Then Johnson goes all in, finding something of himself in a favorite Ayn Rand novel.
"I guess when you take a look at the book Atlas Shrugged, I think most people always like to identify with the main character -- that would be John Galt," chirped Johnson. "I guess I identify with Hank Rearden, the fella that just refused until the very end to give up. And I guess I'd like to think of myself more as a Hank Rearden -- I'm not going to give up."
That's the sort of confidence you'd expect from a senator who boldly interrogated the Secretary of State without bothering to prepare.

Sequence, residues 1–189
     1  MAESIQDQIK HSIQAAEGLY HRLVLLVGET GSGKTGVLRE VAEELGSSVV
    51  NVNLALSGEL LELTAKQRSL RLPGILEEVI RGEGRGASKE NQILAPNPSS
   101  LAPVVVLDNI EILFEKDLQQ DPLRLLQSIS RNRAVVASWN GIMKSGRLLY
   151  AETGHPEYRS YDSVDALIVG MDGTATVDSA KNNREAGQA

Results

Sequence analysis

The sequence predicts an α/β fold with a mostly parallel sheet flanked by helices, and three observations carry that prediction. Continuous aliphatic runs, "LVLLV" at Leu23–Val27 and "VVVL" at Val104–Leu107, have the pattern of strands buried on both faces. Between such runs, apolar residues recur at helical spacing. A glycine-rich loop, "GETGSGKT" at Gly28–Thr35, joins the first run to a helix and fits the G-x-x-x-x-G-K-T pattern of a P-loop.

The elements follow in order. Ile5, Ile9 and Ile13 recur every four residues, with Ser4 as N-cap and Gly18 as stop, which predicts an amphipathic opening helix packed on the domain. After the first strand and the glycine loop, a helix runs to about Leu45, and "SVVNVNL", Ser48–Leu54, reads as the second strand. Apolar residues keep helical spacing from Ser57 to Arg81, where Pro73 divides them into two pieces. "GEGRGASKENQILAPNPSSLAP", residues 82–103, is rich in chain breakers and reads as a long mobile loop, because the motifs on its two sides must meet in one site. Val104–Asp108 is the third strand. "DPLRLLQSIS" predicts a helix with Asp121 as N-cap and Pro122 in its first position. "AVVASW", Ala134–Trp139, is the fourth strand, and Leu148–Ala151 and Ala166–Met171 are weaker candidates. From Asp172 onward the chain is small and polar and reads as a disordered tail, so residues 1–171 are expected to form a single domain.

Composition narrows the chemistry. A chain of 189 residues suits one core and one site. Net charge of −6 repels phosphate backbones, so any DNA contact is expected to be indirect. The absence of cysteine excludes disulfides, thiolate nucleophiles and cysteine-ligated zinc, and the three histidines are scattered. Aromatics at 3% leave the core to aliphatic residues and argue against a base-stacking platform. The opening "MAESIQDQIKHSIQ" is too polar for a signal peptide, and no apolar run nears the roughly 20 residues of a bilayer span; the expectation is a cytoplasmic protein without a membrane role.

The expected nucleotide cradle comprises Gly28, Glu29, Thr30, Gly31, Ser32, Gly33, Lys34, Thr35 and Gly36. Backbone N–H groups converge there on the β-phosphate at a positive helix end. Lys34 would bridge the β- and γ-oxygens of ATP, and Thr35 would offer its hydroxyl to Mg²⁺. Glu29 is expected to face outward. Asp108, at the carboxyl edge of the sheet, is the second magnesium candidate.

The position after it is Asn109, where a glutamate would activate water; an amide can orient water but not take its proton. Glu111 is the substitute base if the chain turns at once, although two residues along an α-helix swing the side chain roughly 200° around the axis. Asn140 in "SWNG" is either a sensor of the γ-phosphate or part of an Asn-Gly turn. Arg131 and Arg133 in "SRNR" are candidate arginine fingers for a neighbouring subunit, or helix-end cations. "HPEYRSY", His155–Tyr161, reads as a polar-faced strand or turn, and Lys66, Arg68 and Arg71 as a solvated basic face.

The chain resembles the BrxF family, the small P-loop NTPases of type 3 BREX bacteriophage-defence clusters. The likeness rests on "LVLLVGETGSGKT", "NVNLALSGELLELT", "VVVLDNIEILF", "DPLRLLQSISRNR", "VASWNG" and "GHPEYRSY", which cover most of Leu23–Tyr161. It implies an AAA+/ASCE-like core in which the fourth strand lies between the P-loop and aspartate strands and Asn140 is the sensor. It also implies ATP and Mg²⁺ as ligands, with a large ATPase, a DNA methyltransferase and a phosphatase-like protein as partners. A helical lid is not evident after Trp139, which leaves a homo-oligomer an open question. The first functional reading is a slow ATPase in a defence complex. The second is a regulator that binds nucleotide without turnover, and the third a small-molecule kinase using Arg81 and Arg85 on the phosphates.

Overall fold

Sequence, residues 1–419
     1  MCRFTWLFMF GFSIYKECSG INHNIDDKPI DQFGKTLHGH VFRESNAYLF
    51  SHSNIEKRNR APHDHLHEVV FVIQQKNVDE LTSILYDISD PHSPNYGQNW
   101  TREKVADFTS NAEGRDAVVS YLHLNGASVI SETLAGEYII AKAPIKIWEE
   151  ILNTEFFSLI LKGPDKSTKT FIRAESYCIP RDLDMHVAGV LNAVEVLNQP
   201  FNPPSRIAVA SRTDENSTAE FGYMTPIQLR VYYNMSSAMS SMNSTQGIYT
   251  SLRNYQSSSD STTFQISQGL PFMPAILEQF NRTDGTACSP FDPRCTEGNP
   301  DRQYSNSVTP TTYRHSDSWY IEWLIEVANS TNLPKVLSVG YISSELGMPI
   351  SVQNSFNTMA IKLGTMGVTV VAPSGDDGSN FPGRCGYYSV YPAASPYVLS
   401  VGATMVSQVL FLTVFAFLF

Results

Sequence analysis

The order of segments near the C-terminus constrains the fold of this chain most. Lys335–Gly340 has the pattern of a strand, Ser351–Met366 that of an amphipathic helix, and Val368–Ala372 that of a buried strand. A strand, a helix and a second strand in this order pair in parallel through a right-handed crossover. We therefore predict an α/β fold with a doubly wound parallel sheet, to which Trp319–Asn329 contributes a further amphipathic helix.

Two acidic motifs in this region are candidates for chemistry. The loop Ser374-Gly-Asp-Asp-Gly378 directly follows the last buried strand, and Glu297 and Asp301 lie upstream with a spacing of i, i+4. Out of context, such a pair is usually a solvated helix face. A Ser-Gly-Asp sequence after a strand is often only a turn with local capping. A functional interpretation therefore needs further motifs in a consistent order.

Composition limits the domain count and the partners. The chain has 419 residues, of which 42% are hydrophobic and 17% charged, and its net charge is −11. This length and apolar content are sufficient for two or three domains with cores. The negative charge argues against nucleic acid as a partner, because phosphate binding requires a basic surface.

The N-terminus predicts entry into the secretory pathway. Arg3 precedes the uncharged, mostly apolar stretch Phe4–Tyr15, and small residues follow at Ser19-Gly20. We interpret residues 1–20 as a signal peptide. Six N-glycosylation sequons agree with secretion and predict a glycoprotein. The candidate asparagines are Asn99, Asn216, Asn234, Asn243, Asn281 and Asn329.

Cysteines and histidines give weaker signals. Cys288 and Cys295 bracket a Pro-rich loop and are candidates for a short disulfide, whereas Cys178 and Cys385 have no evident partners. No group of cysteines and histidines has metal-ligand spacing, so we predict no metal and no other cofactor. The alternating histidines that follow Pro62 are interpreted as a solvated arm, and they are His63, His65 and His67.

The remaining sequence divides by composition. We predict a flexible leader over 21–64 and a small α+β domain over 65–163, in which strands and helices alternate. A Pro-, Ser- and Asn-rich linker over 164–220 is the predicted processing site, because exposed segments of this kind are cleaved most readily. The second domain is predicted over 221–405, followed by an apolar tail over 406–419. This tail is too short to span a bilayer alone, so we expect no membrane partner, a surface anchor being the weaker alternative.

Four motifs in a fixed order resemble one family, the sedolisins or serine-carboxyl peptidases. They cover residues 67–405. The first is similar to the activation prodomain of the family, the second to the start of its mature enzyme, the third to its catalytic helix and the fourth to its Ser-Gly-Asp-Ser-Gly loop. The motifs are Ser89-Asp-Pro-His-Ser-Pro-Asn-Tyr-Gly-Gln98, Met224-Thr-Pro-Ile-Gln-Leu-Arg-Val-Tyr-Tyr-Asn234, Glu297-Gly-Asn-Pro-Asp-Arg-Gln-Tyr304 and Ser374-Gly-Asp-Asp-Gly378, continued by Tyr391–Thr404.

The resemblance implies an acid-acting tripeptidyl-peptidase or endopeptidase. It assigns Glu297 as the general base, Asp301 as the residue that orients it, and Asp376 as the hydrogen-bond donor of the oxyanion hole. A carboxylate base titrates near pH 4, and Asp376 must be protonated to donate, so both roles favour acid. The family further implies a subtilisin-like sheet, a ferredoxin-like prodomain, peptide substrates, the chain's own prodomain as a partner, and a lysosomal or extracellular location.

It may also be why Paul Krugman reminds us , "There are two novels that can change a bookish fourteen-year old's life: The Lord of the Rings and Atlas Shrugged . One is a childish fantasy that often engenders a lifelong obsession with its unbelievable heroes, leading to an emotionally stunted, socially crippled adulthood, unable to deal with the real world. The other, of course, involves orcs."
Rick Perlstein criticizes another Ayn Rand-inspired Republican fantasy: Turning Detroit's main park into a sovereign nation with a $300,000 citizenship fee.